Thursday, October 3, 2013
D'Arnaud, Wheeler & Co. have room to grow
By Mark Simon
Read or listen to any interview with Sandy Alderson and he’ll bring up the idea that the Mets don’t just need to get better players, they need to find ways to make their own players better.
With that in mind, let’s look at the roster and cite the five biggest improvements that would be key to getting better performances in 2014.
D'Arnaud: Bat wrap
As John Kruk pointed out after watching Travis d'Arnaud on "Sunday Night Baseball," the Mets catcher takes a long time to get his swing going.
As the heat map on the right shows, d'Arnaud did not have success in areas of the plate in which it would be necessary for a good hitter to perform well.
D'Arnaud acknowledged this at season’s end.
"That was more me trying to hit the ball 600 feet," he said. "When I would try to do that, I would overwrap or overswing pretty much, and it would just dig me in a bigger hole."
Now it’s up to him to fix it.
Wheeler: Fastball command/third pitch
The Mets saw a couple of different versions of Zack Wheeler in his first 100 big league innings.
One distinction was between the Wheeler who commanded his fastball and the Wheeler who didn’t. Wheeler’s five best starts of the year in terms of fastball strike rate and fastball called-strike rate were a match.
The chart on the right shows the difference between how Wheeler fared in those games versus how he fared in his other 12 starts.
That’s not to say he didn’t have good games when his fastball command was erratic, but good fastball command for him was a key to success.
The other key for Wheeler will be gaining confidence in his curveball or changeup. Wheeler averaged about 10 curves and three changeups per game but threw them for strikes about half the time. His curveball strike rate ranked 11th worst among the 143 pitchers who made at least 10 starts and threw at least 100 curves.
Daniel Murphy played a good first 500 innings in the field this season. He looked comfortable at second base, was effective turning double plays and overall rated as a major league average defender, well better than he did in previous tries at the position.
Then came a switch to first base when Ike Davis was demoted. After the results of that were not good, Murphy returned to second base and returned to his former struggling self. He started botching routine grounders he was previously fielding, as the chart on the right (which focuses on the sabermetric stat RZR) shows.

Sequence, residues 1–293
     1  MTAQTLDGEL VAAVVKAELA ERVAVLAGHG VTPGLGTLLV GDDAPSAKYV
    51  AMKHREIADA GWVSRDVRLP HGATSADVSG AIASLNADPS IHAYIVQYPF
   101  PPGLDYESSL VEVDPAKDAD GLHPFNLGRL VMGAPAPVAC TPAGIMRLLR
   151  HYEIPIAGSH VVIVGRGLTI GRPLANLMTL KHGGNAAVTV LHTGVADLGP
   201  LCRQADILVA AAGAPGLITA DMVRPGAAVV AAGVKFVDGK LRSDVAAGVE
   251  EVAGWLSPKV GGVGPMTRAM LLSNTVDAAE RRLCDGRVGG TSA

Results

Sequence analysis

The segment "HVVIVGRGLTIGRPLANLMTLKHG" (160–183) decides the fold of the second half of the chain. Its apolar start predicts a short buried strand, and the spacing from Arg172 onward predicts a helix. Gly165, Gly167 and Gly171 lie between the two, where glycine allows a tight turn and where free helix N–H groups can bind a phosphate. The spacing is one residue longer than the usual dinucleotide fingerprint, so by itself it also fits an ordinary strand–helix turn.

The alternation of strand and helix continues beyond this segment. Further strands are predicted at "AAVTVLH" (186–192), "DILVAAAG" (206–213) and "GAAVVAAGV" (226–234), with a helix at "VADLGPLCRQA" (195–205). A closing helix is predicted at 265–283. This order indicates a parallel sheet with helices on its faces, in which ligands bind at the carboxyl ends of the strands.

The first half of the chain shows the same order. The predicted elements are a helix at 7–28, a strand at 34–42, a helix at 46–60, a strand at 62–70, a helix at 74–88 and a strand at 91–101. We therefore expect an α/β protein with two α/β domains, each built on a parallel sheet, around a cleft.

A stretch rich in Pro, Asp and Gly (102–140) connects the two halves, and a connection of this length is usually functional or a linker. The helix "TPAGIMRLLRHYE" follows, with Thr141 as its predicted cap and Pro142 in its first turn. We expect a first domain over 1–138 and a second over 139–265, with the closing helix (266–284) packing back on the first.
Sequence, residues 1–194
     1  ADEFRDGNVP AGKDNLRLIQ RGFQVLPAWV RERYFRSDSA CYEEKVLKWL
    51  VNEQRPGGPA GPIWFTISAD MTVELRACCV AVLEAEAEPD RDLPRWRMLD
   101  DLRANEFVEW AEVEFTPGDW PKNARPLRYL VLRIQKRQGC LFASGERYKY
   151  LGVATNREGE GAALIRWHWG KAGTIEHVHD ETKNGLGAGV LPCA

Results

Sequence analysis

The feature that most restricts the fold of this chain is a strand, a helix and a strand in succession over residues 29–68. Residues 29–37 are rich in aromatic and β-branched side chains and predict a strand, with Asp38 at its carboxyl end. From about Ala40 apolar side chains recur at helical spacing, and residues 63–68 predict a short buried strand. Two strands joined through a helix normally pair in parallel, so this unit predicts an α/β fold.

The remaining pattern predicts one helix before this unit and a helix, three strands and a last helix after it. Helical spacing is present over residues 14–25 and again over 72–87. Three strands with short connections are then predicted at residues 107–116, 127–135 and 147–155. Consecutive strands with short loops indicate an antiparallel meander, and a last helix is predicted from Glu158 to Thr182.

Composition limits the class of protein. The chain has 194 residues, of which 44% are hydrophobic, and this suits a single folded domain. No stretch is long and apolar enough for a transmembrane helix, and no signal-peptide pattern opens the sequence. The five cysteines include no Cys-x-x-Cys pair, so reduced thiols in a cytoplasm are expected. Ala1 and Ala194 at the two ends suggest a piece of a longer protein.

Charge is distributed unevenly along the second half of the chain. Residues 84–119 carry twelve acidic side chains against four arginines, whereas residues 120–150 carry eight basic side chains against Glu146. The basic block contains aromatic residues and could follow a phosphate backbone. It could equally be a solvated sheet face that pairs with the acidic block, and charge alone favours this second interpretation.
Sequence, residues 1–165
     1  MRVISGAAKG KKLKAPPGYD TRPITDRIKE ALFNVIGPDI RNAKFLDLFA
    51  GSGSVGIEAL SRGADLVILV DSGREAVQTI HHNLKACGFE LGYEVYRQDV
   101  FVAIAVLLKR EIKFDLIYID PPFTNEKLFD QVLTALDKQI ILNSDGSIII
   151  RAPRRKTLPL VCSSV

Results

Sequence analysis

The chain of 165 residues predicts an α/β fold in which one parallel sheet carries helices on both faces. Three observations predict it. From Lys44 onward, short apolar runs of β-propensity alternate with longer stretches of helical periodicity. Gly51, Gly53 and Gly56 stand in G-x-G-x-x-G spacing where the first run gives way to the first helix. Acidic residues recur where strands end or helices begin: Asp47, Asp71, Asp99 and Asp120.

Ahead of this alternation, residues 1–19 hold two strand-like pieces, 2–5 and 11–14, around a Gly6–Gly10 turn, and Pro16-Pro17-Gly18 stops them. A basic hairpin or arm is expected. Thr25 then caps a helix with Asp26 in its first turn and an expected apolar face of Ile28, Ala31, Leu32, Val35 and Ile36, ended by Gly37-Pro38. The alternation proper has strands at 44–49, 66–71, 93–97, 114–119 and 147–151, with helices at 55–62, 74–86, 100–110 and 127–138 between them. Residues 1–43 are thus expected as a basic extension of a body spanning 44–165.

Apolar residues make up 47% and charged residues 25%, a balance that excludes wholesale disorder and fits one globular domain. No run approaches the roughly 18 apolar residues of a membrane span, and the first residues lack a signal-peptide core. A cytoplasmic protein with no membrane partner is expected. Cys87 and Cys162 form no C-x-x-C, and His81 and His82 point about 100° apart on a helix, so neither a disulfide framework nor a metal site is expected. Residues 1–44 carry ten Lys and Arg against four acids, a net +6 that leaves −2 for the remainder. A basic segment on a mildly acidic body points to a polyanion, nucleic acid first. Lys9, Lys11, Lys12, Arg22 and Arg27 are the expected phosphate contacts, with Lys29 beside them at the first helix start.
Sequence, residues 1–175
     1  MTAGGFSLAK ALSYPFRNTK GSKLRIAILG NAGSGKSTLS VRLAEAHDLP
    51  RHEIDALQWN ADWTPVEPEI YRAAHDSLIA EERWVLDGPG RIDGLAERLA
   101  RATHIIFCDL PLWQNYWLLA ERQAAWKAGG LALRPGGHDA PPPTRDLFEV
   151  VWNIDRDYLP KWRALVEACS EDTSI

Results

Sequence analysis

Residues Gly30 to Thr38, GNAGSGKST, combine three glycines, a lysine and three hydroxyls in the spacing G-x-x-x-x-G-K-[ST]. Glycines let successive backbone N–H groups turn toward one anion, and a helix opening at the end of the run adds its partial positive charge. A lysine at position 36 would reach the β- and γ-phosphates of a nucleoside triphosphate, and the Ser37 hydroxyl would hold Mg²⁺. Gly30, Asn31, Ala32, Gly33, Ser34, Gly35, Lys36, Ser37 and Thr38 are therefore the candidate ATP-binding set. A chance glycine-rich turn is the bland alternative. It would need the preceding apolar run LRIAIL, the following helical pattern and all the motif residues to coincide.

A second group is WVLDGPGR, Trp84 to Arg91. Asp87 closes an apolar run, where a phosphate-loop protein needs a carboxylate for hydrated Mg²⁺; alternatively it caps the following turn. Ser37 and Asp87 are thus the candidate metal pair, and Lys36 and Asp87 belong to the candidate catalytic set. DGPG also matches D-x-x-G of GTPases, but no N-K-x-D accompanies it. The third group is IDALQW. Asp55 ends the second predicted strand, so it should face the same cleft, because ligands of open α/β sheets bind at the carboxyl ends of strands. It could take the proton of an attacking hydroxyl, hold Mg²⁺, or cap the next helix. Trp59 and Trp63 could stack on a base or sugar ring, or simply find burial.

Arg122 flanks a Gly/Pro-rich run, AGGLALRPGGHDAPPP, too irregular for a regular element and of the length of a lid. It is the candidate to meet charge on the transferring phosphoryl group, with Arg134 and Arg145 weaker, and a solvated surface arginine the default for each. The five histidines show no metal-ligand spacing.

Murphy finished the season at minus-13 Defensive Runs Saved at second base, two runs worse than he did in 2012 in about 200 more innings.
Unless it improves, Murphy’s defense is going to be a hindrance to his overall value (costing him 1.5 Wins Above Replacement in 2013).
The first two months of the season showed his defense could improve. It’s something he needs to continue working on with Tim Teufel.
Young: Home cooking
When Alderson spoke Monday about the Mets needing players to hit better at Citi Field, he was talking about players like Eric Young Jr.
Young had a .201 batting average at home as a Met, compared to .293 on the road.
There’s a specific reason his home numbers weren’t as good. Young’s ratio of balls hit on the ground (including bunts) to balls hit in the air was 107-to-67 on the road but only 75-to-65 at home. And in Citi Field, Young was hitting twice as many fly balls as line drives, whereas on the road, the two were an even split.
Citi Field is a big ballpark. Young’s fly balls are conducive to easy outs. He hit .140 when he hit one there, .235 when he hit a ground ball.
Young’s role on this team is to get on base and turn singles into doubles and triples by stealing bases. The easiest way for him to do that is to hit the ball on the ground as often as possible. That’s the mindset the team will be looking for, as Terry Collins acknowledged throughout September.
Lagares: Smarter approach
Juan Lagares produced tremendous value with his defense, but his offensive game needs a lot of work.
Lagares’ chase rate (how often he swung at pitches out of the strike zone) and called-strike rate (how often he took a pitch called a strike) were both about 6 percentage points above the league average.
In other words, Lagares often took when he should have swung and swung when he should have taken.
Much of this stemmed from Lagares’ inability to handle a good slider from a right-handed pitcher. Lagares made 58 outs and had eight hits and two walks against that pitch.
Every Mets right-handed-hitting position player fared better, and most were considerably better.
Lagares needs to do with sliders what he does with fielding fly balls -- catch up to them.